Bruce Brodoff Communications
Bruce Brodoff Communications
Rail Yard Feud Flares; Sewer Lines Still Cut
By Greg Gittrich

The owner of a 113-year-old railroad building has accused a developer of breaking her sewer lines, and several city agencies can't seem to figure out how to fix the mess at the Harlem River Rail Yard.

The dispute has dragged on for years, and the city Economic Development Corp. is dangling a $300,000 grant in front of the developer - but will only give him the money if the South Bronx sewer battle is resolved.

"It's an incentive," said EDC spokesman Bruce Brodoff. "We would like to get both sides to the table to settle this."

The grant would be to spur additional development at the rail yard.

Zee Frank, who has owned the red brick railroad edifice for 43 years, says contractors working for developer Francesco Galesi cut her sewer pipes three years ago. Frank also says Galesi's workers repeatedly have prevented repairs.

The pipes that serve the historic building run underneath the adjacent Harlem River Rail Yard. In 1990, Galesi signed a 99-year lease with the state to develop the site, which now includes a waste transfer station, a printing plant, a rail freight terminal and two power plants.

"He is responsible. He did it because he wants us out," fumed Frank, who has been squabbling with Galesi's company over the use of the 96-acre yard for more than five years.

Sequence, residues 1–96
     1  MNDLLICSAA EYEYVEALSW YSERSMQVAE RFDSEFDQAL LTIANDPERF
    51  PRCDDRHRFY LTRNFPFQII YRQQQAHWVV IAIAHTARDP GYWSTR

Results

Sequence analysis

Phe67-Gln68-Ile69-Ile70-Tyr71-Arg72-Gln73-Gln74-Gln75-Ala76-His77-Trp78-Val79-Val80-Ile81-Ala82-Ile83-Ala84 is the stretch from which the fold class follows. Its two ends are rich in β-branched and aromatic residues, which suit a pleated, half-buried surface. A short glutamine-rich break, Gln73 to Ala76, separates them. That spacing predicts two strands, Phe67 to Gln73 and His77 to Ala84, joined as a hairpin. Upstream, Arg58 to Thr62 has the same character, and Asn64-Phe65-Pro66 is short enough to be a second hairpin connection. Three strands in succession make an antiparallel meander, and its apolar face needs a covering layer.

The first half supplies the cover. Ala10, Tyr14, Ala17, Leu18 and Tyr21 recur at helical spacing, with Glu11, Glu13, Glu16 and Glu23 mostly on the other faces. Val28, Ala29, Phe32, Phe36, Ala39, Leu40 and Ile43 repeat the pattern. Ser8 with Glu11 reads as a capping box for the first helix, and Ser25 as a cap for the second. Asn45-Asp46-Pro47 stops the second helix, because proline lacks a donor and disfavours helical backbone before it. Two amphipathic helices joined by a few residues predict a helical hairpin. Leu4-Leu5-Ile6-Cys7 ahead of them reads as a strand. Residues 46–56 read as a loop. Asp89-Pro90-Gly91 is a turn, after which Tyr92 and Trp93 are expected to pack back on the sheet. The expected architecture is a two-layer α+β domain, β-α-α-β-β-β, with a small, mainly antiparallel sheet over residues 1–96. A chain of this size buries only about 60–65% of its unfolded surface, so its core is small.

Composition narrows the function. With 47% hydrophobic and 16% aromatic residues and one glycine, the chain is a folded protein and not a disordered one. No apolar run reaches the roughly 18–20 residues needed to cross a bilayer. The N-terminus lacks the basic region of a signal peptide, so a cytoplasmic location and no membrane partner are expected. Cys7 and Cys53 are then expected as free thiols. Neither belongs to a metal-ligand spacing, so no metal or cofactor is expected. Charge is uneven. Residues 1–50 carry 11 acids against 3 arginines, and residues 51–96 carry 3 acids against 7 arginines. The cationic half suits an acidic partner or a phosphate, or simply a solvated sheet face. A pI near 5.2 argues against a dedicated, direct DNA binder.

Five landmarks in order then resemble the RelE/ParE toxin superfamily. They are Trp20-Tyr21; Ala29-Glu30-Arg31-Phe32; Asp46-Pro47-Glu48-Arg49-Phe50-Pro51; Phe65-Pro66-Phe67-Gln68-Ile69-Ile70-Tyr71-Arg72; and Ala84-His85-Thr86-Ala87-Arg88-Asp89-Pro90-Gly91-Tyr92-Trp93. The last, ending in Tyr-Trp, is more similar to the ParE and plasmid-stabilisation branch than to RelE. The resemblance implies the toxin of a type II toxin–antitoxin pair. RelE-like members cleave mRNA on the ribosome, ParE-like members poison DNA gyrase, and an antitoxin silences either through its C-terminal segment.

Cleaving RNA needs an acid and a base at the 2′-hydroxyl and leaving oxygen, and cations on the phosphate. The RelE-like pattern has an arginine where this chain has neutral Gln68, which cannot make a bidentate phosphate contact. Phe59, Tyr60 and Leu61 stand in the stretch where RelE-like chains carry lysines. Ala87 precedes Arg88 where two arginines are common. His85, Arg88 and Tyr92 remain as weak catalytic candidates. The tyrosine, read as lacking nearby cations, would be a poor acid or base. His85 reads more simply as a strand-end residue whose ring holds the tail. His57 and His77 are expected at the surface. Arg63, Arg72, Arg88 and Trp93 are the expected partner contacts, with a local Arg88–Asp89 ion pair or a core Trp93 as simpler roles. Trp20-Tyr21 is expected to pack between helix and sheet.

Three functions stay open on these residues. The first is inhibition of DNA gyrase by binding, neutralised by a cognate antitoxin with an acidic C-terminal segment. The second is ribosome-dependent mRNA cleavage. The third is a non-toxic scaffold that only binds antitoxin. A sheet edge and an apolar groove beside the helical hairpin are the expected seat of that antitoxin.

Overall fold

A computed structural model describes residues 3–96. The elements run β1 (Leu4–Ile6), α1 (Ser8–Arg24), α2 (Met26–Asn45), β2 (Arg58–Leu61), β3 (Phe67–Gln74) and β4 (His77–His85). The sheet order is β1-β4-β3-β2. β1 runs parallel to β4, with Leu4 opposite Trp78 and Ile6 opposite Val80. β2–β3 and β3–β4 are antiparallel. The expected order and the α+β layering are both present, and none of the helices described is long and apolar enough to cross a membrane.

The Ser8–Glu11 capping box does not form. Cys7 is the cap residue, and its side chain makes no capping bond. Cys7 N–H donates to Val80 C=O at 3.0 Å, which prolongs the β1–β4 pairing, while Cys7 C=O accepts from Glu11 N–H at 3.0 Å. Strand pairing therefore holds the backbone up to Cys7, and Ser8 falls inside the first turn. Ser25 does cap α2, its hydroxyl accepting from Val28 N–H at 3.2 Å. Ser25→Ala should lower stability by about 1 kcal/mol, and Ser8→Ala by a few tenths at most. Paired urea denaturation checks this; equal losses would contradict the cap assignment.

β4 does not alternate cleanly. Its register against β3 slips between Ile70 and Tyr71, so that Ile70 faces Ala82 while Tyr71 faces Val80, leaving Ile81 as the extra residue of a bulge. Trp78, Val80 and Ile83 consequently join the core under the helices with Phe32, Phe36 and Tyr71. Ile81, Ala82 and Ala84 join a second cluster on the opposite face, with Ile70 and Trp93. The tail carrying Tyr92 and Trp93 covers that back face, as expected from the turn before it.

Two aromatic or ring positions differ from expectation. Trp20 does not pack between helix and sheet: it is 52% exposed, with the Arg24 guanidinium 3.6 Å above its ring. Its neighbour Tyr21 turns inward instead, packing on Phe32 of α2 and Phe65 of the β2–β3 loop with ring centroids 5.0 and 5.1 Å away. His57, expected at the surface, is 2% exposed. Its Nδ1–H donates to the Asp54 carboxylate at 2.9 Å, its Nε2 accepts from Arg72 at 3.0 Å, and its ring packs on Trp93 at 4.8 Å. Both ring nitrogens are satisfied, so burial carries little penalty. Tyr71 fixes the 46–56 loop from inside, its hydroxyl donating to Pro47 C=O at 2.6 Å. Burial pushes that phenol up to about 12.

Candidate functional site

Although Public Advocate Mark Green's office backs Frank's account of the dispute, Tony Riccio, senior vice president for Harlem River Yard Ventures, which manages the yard, denies the charges.

"We did not break any of her lines. There is no Machiavellian plot here," Riccio said. "She is a real nuisance, and I don't know what caused her problem."

The city Department of Environmental Protection, which oversees the sewer system, said Galesi has not blocked the agency from fixing the lines.

Nevertheless, DEP officials say they are concerned about potential health problems that the broken sewer pipes could cause.

"She is in an isolated spot out there," said Charles Sturcken, DEP chief of staff. "We are trying to get the problem fixed."

Riccio offered that the sewer problems were likely related to the age of the Frank's building, which once served as the area headquarters for the New York, New Haven and Hartford railroad.

"She has a very old building," Riccio said. "We are trying to work out an agreement."

But Green's office argued that a clause in the deed to Frank's property clearly stipulates that if her sewer lines need repair, she has the right to access the rail yard to fix them.

"We have been working for a long period of time on this, pressuring the DEP to restore the sewer connections, which they still haven't done," said Stephen Sigmund, a spokesman for Green. "The developer and the DEP should do the right thing and reconnect her service."

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